Kelley Holland is a longtime business journalist who has covered everything from municipal bonds to management, major banks and MBA programs.
She created and wrote a monthly management column, "Under New Management," for The New York Times. Prior to writing her column, she was a business editor for The Times with responsibility for weekend business news and more. Earlier, she was an editor at Business Week, where one of her cover stories helped the magazine win a National Magazine Award for general excellence.
Prior to becoming a journalist, Holland was a securities analyst with Kidder, Peabody & Co., and a budget and fiscal analyst for the New York State Senate Finance Committee.
Holland has been a frequent guest on radio and television shows, most recently on PBS' "Frontline." She has also been a panelist at conferences sponsored by the Carnegie Endowment for International Peace, the Business Roundtable and New York Women in Communications.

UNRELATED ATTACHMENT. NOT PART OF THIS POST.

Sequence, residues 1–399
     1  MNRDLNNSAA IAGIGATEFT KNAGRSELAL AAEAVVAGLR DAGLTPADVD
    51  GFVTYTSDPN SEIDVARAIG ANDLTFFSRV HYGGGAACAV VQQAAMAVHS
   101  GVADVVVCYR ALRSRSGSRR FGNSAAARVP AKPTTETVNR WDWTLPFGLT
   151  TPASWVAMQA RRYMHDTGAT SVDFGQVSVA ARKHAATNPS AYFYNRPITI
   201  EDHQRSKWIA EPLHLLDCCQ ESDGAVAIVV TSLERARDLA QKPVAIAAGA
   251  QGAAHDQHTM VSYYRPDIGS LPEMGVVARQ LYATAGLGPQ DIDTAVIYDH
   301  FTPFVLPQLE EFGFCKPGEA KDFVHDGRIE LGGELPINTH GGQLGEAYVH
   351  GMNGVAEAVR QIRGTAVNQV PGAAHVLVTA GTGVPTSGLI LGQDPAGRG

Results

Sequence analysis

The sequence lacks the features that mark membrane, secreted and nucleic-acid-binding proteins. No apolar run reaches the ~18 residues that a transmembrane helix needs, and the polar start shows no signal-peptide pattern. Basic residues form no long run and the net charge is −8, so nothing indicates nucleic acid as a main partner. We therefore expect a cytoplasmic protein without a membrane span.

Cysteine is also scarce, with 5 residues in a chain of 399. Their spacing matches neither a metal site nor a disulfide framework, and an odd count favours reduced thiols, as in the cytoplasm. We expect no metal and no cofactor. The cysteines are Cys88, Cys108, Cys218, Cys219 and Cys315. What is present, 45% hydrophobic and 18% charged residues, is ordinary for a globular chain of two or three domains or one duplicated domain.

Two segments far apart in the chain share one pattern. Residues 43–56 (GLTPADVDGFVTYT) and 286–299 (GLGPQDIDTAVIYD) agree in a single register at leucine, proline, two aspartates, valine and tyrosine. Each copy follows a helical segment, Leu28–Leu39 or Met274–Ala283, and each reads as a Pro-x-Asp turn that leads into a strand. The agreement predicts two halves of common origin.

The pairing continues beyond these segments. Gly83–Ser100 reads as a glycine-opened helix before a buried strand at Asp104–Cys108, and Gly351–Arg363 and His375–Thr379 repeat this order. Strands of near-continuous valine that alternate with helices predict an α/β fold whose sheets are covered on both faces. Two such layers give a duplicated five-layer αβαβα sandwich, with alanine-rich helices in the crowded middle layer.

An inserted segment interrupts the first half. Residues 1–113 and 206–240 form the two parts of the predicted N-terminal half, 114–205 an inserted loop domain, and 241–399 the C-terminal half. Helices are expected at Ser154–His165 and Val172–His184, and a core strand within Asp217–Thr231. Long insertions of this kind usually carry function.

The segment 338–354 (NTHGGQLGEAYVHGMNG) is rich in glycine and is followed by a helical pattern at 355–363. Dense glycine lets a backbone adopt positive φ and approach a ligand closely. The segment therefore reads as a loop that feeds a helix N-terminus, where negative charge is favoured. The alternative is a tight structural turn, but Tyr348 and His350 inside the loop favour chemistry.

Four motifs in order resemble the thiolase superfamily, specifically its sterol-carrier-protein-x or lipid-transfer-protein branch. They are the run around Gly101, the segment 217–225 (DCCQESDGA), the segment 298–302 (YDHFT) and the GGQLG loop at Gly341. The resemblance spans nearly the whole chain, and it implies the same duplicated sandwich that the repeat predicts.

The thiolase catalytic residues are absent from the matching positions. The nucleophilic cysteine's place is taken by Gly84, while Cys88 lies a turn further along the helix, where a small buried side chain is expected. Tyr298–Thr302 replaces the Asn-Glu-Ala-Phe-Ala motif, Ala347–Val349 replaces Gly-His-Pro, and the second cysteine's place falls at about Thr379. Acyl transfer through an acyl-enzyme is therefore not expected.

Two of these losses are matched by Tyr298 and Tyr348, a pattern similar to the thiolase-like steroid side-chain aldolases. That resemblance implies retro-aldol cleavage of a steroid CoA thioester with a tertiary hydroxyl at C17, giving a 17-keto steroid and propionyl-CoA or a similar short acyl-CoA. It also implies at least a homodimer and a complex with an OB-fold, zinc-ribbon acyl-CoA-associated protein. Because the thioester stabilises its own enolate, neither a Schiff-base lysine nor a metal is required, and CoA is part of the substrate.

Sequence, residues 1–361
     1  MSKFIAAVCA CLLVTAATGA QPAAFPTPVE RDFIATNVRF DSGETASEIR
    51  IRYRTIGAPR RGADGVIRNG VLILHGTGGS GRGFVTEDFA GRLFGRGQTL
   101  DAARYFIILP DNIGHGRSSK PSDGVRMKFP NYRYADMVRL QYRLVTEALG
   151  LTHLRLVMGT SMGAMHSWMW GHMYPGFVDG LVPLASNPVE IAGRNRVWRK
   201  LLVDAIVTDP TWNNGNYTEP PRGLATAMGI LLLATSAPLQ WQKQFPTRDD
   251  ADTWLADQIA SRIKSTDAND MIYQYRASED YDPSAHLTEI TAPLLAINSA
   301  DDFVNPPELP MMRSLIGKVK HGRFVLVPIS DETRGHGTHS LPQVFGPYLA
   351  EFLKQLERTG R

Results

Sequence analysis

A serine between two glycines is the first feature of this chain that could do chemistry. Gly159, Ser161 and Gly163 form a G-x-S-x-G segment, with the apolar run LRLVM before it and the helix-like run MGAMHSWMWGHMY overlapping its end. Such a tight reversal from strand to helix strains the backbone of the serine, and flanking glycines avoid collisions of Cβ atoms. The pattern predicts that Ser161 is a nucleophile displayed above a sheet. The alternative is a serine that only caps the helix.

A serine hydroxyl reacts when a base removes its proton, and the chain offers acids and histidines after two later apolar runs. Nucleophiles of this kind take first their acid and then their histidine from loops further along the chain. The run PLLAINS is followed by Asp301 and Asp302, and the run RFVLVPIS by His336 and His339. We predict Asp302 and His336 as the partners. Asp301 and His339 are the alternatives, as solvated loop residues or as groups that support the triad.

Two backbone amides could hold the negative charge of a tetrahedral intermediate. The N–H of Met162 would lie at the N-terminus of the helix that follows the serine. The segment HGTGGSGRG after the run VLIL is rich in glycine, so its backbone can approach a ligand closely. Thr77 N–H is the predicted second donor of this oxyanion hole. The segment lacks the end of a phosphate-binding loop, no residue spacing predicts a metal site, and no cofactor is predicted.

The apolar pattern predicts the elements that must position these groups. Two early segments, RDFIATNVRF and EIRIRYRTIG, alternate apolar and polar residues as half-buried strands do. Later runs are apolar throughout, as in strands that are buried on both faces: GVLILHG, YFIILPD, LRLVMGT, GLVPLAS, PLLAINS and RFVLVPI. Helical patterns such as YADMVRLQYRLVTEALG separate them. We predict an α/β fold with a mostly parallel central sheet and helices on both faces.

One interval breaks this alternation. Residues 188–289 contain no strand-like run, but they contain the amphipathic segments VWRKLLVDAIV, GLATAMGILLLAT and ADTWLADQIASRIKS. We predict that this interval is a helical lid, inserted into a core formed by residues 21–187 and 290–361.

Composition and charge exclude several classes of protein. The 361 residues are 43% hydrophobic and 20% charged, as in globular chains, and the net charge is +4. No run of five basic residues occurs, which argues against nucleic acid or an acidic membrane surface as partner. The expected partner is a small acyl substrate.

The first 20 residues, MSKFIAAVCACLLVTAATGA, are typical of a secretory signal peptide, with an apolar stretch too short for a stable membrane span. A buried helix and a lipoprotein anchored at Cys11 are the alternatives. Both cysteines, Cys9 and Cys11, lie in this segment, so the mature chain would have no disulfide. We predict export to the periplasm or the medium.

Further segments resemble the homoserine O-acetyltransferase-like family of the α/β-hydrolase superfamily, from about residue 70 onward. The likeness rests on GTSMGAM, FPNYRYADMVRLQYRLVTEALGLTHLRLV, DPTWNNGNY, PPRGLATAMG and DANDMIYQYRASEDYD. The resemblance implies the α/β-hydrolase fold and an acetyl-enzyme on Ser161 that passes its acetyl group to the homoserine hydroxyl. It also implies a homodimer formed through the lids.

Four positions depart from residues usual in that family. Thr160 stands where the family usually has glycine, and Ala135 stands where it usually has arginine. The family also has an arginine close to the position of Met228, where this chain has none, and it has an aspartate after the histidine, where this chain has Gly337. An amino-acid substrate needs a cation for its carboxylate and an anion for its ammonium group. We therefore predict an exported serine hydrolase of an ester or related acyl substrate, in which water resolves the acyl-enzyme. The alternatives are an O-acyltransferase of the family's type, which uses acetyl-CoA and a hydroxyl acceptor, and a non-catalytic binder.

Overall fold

Holland graduated with honors from Amherst College and received a master's degree in public and private management from the Yale School of Management. She is a chartered financial analyst.
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The Bank of England held interest rates steady on Thursday, but consensus is building that a hike will come in May, says this strategist.
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China's inflexibility on exchange rates makes it hard to fix trade imbalances, says a senior Treasury official. Even worse, China's tempting neighboring countries to follow suit.
After trading higher for days, the euro is giving up ground. Instead of focusing on potential interest rate hikes, traders are looking ahead to the upcoming European leaders' meeting and the stubborn sovereign debt crisis. Euro fatigue, anyone?
What a difference a day makes: The dollar is not in freefall for a change, and the euro is slipping. It's time for your daily FX Fix.